More than two-thirds of van operators are planning to use electric vehicles in their fleets this year, according to the FTA.
The organisation’s 2019 Logistics Report, launched in association with Santander Corporate and Commercial Banking, has revealed that 71.4% of operators asked are planning the move.
The FTA says it is therefore calling on the government to recognise this shift in attitudes and increase its investment in electric vehicle affordability.
FTA policy manager for vans and urban Denise Beedell said: “The FTA and its members are fully committed to reducing their carbon emissions wherever possible; we are not surprised, therefore, that so many intend to use electric vehicles in their van fleets but they will need assistance from government to be able to do so.
“By providing clear guidance on how it plans to upgrade the grid infrastructure – without all the costs falling on individual businesses – legislators would make the shift to electric an attractive option for companies of all sizes and shapes. But more must be done to ensure it is a fully viable low-emission solution.
“For example, electric vans are still significantly more expensive to purchase than their standard fuel-based counterparts; public charging points must be available for use by businesses as well as residents.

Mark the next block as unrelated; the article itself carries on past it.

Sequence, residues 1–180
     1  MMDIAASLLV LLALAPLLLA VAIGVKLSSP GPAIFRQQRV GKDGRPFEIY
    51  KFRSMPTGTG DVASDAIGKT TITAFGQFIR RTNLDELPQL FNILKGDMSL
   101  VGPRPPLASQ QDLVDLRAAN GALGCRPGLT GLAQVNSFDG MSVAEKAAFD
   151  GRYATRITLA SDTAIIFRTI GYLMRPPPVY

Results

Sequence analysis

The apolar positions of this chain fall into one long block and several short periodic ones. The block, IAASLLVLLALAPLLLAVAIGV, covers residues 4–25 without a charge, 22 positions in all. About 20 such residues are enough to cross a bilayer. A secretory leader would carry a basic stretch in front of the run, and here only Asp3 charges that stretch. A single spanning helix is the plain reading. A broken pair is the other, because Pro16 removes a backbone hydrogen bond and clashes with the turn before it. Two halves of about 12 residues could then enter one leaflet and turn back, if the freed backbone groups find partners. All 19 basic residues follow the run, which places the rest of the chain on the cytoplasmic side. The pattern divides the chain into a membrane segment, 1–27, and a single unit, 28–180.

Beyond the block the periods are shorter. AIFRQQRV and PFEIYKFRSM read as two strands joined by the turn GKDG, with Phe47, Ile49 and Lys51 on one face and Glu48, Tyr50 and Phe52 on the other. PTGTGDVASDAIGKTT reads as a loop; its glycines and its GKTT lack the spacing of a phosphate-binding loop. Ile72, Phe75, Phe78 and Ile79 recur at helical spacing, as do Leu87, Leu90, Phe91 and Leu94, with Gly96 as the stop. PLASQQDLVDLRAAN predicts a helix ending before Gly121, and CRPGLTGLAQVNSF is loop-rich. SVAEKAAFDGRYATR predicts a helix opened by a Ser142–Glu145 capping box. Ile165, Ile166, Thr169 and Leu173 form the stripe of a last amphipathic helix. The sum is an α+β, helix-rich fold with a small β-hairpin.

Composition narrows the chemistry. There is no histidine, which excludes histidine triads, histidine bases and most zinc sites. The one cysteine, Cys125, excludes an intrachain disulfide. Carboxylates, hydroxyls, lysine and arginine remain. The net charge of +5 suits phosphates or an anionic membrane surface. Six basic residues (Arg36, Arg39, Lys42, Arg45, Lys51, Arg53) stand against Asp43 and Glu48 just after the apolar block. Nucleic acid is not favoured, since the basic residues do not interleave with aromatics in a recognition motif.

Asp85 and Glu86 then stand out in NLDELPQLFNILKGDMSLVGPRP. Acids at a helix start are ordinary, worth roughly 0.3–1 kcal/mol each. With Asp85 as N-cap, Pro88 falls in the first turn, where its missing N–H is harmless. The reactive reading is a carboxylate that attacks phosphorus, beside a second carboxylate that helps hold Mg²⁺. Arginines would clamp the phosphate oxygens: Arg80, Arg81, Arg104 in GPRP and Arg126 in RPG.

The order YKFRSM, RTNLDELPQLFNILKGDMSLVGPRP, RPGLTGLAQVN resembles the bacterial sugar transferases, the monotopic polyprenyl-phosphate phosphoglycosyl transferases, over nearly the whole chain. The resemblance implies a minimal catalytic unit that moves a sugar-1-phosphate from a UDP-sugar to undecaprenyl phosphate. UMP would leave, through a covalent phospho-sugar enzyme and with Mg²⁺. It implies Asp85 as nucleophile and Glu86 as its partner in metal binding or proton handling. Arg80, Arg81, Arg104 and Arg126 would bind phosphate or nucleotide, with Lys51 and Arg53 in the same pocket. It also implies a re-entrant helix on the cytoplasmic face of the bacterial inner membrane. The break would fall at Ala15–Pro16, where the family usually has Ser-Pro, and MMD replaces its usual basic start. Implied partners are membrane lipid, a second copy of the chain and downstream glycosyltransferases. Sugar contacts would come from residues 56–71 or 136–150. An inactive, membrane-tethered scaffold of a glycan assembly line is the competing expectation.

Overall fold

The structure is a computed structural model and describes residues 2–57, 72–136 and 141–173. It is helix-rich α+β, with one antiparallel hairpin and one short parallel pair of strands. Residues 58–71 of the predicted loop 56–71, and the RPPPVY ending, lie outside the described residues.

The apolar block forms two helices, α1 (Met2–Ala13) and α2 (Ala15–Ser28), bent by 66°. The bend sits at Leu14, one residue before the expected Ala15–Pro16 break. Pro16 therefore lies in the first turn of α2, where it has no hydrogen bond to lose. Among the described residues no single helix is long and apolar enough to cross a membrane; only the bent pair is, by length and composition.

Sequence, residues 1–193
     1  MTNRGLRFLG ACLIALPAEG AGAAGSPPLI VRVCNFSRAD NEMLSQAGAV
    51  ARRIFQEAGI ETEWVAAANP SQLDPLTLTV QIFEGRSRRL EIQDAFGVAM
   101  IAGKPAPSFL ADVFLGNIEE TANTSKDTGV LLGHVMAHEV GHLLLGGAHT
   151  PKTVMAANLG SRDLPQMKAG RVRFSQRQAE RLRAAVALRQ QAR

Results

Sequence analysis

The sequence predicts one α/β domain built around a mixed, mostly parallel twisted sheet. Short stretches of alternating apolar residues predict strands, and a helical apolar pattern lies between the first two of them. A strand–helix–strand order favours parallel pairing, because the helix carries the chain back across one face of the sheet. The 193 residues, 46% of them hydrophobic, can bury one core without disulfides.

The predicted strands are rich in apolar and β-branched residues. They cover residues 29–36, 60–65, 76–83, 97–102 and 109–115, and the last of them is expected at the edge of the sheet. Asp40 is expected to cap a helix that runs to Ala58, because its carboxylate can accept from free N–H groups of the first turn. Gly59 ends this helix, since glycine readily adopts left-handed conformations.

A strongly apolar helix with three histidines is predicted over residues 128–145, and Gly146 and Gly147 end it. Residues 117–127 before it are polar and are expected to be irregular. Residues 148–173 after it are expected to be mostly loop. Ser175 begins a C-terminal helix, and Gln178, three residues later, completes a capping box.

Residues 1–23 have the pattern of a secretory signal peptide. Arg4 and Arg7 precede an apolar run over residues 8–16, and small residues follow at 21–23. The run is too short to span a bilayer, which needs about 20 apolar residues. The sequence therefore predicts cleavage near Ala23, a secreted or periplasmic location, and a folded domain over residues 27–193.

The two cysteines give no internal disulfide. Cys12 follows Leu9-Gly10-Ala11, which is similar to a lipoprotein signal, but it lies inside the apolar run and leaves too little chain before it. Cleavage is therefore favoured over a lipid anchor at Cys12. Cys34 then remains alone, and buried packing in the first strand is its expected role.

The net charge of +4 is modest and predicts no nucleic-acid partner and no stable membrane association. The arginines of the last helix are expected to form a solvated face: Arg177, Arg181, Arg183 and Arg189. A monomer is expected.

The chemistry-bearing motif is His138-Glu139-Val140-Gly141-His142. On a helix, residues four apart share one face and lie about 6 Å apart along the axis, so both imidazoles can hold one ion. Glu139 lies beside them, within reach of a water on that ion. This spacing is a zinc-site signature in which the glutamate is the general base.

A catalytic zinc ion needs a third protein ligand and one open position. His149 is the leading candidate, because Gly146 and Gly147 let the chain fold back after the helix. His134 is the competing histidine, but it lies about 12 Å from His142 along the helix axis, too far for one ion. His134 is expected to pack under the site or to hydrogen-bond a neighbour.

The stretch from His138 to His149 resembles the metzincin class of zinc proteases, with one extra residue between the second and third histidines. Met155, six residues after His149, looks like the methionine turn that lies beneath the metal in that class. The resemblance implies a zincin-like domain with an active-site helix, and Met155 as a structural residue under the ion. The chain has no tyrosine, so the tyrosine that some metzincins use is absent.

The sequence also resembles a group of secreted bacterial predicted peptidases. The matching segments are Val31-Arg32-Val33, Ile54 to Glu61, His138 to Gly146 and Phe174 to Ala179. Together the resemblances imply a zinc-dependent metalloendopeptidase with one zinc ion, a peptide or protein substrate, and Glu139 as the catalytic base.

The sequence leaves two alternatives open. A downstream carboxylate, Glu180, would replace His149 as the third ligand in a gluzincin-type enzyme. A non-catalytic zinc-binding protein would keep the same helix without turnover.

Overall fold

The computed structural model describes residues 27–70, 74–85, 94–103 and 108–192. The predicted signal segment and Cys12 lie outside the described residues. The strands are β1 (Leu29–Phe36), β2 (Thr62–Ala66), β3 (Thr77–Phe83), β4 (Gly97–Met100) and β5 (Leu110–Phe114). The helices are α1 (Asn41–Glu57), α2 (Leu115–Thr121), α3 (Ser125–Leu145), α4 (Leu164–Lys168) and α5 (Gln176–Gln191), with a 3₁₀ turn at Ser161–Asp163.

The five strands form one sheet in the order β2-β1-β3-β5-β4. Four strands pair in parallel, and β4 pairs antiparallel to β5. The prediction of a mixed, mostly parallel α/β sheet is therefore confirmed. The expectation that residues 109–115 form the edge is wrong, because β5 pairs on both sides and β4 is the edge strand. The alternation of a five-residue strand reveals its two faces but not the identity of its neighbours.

“The FTA is calling on government to review its approach to the grid infrastructure upgrade – a costly project which should not be left to individual commercial operators to fund.”
The FTA report, for which more than 500 UK freight and logistics businesses were surveyed, also found that 24% of operators plan to use range-extended vehicles in their fleet, 41% plan to use plug-in hybrids, and 7% plan to use vehicles fuelled by hydrogen.
Among the other information in the report is a highlighting of the number of van drivers who are EU nationals, prompting the FTA to call for government support for logistics workers before and after Brexit.
Beedell said: “The van market continues to grow consistently, with 13% of survey respondents planning to increase their van fleet over the next 12 months. But the UK is facing a serious van driver shortage; these fears are exacerbated by the large proportion of EU nationals currently working across the vans market in the UK.
“The survey found that 20% of all professional van drivers are EU nationals, but as this does not include people for whom van driving is not their primary role – plumbers and florists, for example – the figure is likely to be much higher.
“The FTA is calling for government support to ensure non-UK logistics workers are welcomed in the UK, both before and after Brexit, to prevent the shortage reaching catastrophic levels.”